Afghanistan currently is one of the poorest countries in the world and has one of the highest infant mortality rates and a shortened life expectancy. After twenty-three years of war and three years of drought, Afghan women have buried their husbands, parents, children and friends. Widows head 20% of Afghan households. They have lost their homes, their security and their livelihoods. Some women, out of desperation, have migrated to refugee camps to escape war, starvation and the daily indignities of life under Taliban rule. These women, our Afghan sisters, are exhausted and living on the margins of hope.

Zainab told me of one happy, shining moment. On a visit to a refugee camp near the Afghan border, she was invited to a home for a gathering. When she arrived, she and her escort were the only women in attendance. It was a simple place, but she was greeted as an important guest and served tea. Gathered around her were several different tribes from Afghanistan, who had come together from the local refugee camp. They had made instruments themselves, using whatever they could find, including a large oil container for a drum. They began to sing sacred Sufi songs, and did Sufi whirling. The sounds, the singing, and the beauty of it all mesmerized her. At that moment Zainab thought, Yes, there is joy, and the need to feel it, even when despair surrounds you.”

As of January, WFWI has provided nearly 200 women refugees and their families with food, clothing, blankets and other necessities. They have given seed grants for income-generating projects to move Afghan women from crisis to stability and self-sufficiency. They have also restored a women’s health clinic in Kabul, and opened a new field office in June. One significant, positive turn of events is the appointment of Dr. Sima Samar, who was recently named Minister of Women’s Affairs in Afghanistan, one of two women appointed to serve in the interim government. Dr. Samar, who is from the minority Hazara ethnic group, has advocated education for women and adequate women’s health care. To that end she established Shuhada (“martyrs” in the Dari language), an organization based in the small border town of Quetta in Pakistan. Dr. Samar faces numerous challenges, saying in the March issue of Outreach, “I have three strikes against me: I am a woman, I speak out for women, and I’m a Hazara, a minority group.” Her strong commitment to improving women’s condition and status in Afghanistan is yet another example of looking beyond the despair.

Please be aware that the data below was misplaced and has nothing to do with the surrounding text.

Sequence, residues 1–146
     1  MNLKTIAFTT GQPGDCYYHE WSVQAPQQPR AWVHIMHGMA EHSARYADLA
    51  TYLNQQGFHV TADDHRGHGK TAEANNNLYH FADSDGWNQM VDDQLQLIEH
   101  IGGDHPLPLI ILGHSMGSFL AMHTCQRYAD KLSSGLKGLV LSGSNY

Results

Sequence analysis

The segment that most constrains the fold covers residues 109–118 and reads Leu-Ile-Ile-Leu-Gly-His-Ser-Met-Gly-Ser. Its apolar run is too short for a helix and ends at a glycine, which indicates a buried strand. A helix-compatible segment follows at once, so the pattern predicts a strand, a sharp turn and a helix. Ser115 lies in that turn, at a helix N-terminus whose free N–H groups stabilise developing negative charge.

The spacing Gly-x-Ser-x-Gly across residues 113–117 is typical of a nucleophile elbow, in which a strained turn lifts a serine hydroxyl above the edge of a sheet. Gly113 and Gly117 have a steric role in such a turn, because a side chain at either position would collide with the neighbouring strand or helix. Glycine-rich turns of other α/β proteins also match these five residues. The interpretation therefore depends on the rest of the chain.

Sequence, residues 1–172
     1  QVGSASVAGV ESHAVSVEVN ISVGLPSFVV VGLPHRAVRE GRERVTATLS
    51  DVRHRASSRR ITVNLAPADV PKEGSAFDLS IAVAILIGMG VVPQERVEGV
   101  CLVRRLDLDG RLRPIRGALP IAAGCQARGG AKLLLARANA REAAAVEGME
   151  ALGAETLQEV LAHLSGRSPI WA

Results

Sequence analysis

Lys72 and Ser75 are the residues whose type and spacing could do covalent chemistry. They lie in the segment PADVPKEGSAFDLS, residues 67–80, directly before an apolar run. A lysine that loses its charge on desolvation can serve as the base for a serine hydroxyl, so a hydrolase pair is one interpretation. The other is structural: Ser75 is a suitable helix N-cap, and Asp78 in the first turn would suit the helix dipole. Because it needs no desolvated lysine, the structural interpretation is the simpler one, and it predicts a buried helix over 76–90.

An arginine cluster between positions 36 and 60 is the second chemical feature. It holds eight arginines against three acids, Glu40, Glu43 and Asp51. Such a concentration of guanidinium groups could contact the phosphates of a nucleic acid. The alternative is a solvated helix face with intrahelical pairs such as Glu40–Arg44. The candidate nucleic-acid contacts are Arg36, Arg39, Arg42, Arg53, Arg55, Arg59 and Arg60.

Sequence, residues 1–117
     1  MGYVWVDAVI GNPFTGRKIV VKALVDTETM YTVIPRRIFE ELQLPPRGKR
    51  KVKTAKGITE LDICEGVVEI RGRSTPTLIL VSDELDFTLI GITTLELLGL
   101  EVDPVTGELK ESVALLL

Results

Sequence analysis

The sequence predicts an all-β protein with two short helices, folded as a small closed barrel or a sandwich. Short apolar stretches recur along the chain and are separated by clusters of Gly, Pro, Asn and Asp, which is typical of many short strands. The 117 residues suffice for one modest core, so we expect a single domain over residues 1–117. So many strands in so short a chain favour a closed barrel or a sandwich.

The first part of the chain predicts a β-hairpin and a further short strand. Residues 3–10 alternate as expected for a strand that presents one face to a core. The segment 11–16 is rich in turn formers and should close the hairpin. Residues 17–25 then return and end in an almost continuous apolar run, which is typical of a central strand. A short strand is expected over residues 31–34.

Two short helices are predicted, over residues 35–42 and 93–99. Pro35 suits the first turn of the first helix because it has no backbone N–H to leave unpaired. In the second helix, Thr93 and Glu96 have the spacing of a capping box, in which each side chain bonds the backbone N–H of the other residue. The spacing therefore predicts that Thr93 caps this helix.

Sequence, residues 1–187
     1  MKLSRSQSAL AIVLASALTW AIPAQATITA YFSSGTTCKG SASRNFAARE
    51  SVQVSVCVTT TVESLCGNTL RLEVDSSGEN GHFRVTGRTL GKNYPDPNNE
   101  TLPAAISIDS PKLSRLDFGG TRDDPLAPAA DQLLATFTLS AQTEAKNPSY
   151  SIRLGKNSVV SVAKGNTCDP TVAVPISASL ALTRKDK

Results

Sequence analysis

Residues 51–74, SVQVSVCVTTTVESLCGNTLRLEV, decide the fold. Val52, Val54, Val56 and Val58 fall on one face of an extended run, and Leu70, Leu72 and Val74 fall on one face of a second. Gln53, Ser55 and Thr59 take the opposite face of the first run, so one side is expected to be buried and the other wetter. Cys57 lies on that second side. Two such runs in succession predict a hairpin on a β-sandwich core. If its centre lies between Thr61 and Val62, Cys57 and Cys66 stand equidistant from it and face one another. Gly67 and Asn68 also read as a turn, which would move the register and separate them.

When I recently talked with Zainab, she had just returned from visiting her field offices in Bosnia. The pride she felt for the women there was palpable, even over the phone. She said that when she first sees the women and listens to their stories, they are victims, paralyzed by their severe situation. With the organization’s help, they move from being victims to survivors, eventually feeling somewhat whole again with the freedom to re-define their lives and reach their full potential. That is her vision, to ensure equality and justice for all, including economic, political, and social justice that has gender equality at its core.

I asked her, “Is there a reason to have hope, to feel you can make a difference in one person’s life; should we care?” She replied with that calm, soothing voice, “Absolutely, most definitely.” She told me stories of returning to the women in different countries where she has set up local support groups. After some time, when the women meet, they dance, or sing, or pray together. They begin to create again, weaving and painting, making a life for themselves beyond their despair. She said one would be surprised how strong, determined and resourceful these women are—given a chance, they do change the world. She said smiling, “If you give these women a nickel, they can easily turn it into a dollar or two!”

When Zainab and I ended our session in Washington D.C., I felt that I had been in the presence of an extraordinary and dedicated woman. She was humble, generous with her time and stories, and very clear about her goals. And as we parted, she said with calm conviction, “Together we will change the world, one woman at a time.” And I am happy to say that I believe her!

Stephanie Heuer (Safa) was first inspired to learn Oriental dance after watching a performance of the Bal Anat troupe at the Renaissance Faire in 1973. She studied with Aida al Adawi (Andrea Hughes) and Jamila Salimpour for the next five years. Other instructors or dancers who have greatly inspired her over the years are Shareen el Safy, Mona Said, Samasem, Suhaila Salimpour, and Sohair Zaki.

Her career pursuits in Computer Science lead her to Japan, where she spent two years teaching engineering analysis in Tokyo, Taiwan, and Seoul. She also served as the liaison between the Japanese and their American counterparts. Working for Hewlett Packard over a ten year period, she had a variety of responsibilities, including computer programming, technical writing, and eventually a management position in World Wide Data conversion for the first CD roms released in the late 1980’s. She has lived in Japan, Korea, Bonaire, Venezuela, and the Cayman Islands. She recently returned to California after spending eleven years in Norway, where she taught dance, sponsored workshops and wrote for dance publications. She is currently an active member of the Women for Women Organization in the San Francisco Bay Area. dignityrocks@gmail.com

Copyright © Habibi Publications 1992-2002, Shareen El Safy, Publisher.